Fort Drum child care facility passes rigorous accreditation process with flying colors
September 19, 2013
FORT DRUM, N.Y. -- Years of hard work have paid off for the employees of Fort Drum's Chapel Drive Annex Child Development Center.
The facility earned accreditation from the National Association for the Education of Young Children last month after a demanding process that measured the overall quality of the center's early childhood programs in everything from classroom management and appropriate teacher interactions to parent rapport and community relationships.
"Achieving NAEYC accreditation is not an easy process. It requires an in-depth look at all aspects of a program," said Karin S. Sikirica, who as the Child, Youth and School Services coordinator oversees an integrated campus of nine CYSS centers on post. "This was a huge accomplishment that was a true team effort."
Since 1985, NAEYC has offered accreditation to help early childhood professionals meet set standards while helping families identify high-quality programs.
AnneMarie Clegg, Chapel Drive Annex CDC director, said the accreditation process helped validate child care standards the Army already has in place and ensured across-the-board excellence.
"Going through this over the last two to three years has been an intense endurance," Clegg said. "But I've been really blessed in that our team has been together through this whole thing. We all came with strengths and our own weaknesses, but our gifts are what got us all through it.
"Knowing that we are able to achieve that excellence, and maintain it, is quite an accomplishment," she added. "We are tiny, but we are mighty."
Helping teachers to prepare their classrooms and themselves for the inspection was the job of CYSS trainers, who focused on 10 NAEYC-assessed areas of early childhood education: relationships, curriculum, teaching, assessment of child progress, health, teachers, families, community relationships, physical environment, and leadership and management.
Clegg said her staff conducted training every Saturday for a year to prepare. When the time came to let the inspectors in, nerves for everyone at Chapel Drive Annex CDC were frazzled.
"It was nail-biting," said Brittney Fults, Chapel Drive Annex CDC training specialist. "They want the highest qualities -- from ceiling to floor.
"We actually had to stay in the background -- it was the teachers' show," she added. "So we just hoped that everything we had trained the teachers on was going to come through."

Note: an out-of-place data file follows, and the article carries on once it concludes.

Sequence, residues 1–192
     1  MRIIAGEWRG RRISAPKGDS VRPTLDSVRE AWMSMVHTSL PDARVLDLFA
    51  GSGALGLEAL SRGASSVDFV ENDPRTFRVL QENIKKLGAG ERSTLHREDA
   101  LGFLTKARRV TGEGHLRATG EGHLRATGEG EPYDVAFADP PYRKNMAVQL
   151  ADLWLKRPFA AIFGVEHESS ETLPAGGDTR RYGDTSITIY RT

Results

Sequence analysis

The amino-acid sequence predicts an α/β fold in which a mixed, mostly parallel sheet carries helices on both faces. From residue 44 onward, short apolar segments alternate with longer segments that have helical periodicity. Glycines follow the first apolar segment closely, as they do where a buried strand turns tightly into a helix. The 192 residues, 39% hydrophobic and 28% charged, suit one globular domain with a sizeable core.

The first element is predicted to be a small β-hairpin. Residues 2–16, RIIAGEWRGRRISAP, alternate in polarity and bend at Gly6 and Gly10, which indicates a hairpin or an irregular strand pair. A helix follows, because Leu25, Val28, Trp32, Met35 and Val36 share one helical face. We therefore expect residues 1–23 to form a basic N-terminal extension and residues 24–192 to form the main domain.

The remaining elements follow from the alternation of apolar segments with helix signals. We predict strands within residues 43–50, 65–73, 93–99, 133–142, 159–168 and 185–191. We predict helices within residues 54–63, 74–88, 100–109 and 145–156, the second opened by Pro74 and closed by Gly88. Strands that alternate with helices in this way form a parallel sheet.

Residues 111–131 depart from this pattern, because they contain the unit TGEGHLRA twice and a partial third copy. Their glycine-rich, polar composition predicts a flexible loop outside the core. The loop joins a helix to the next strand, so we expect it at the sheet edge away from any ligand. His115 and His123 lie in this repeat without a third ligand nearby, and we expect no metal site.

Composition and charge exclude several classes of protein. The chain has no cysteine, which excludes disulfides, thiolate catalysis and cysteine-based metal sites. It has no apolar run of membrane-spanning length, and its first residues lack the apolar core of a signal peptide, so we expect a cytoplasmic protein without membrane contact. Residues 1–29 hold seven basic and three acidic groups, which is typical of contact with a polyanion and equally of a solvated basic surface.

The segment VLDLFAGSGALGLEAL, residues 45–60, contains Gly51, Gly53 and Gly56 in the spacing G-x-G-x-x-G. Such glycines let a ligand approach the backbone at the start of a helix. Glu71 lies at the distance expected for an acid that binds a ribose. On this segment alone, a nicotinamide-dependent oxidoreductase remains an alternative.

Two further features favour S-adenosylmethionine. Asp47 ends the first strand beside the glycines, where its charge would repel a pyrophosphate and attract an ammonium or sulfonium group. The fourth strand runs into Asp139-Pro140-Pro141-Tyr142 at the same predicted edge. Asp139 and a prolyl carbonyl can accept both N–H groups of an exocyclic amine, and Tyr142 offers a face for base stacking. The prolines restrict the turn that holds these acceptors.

The center scored a remarkable 98 out of 100. Inspectors praised the center's leaders for the thoroughness, quality and content of their portfolios: three-ring binders, each several inches thick, meticulously outlining Chapel Drive Annex CDC operations.
Clegg said success is attributable to not only her staff's commitment but also the strong support of the Fort Drum community.
"Our parents were really the ones who helped us to get to the end of the race," she said. "Whether it was through kudos and words of encouragement or food and sustenance, the whole community was what helped us pull through. They were the ones saying: 'You can do this. We are proud of you.'"
Clegg said preparation for the final accreditation inspection was not only painstaking but also "life-changing."
"It questions your dedication," she said. "It questions your passion for working with children."
She also said she welcomed the introspection along the way, explaining that it forced her staff of 25 to never forget how working with children is a "calling" and not just a paycheck.
"You truly have to be committed," she said. "I refer to this work as a labor of love, because you really have to be passionate and committed to early childhood development and providing a standard of excellence in your (workplace)."
The Chapel Drive Annex CDC can serve up to 120 children a day, half of whom attend "Strong Beginnings" pre-kindergarten classes while the other half attend before- and after-school programs for kindergartners.
Despite demand for child care more than doubling at Fort Drum in recent years, the installation continues to exceed Army standards -- which require CYSS facilities to meet 80 percent of demand.
In just the last three years, Fort Drum has added two full-day CDCs on post, one on Po Valley Road and another on South Riva Ridge Loop.
Along with the Chapel Drive Annex CDC and the fully renovated Memorial CDC (which received its NAEYC accreditation in 2011), the Po Valley CDC was notified last week that it is next in line to begin the process of accreditation.
Clegg said it was a relief to complete the process, but that the hard work of her staff paid off.
"I am really just honored and proud to be working side by side with everybody here at the annex," she said. "Knowing we can soar, and shine, that's been kind of our mantra. So we are shining pretty brightly."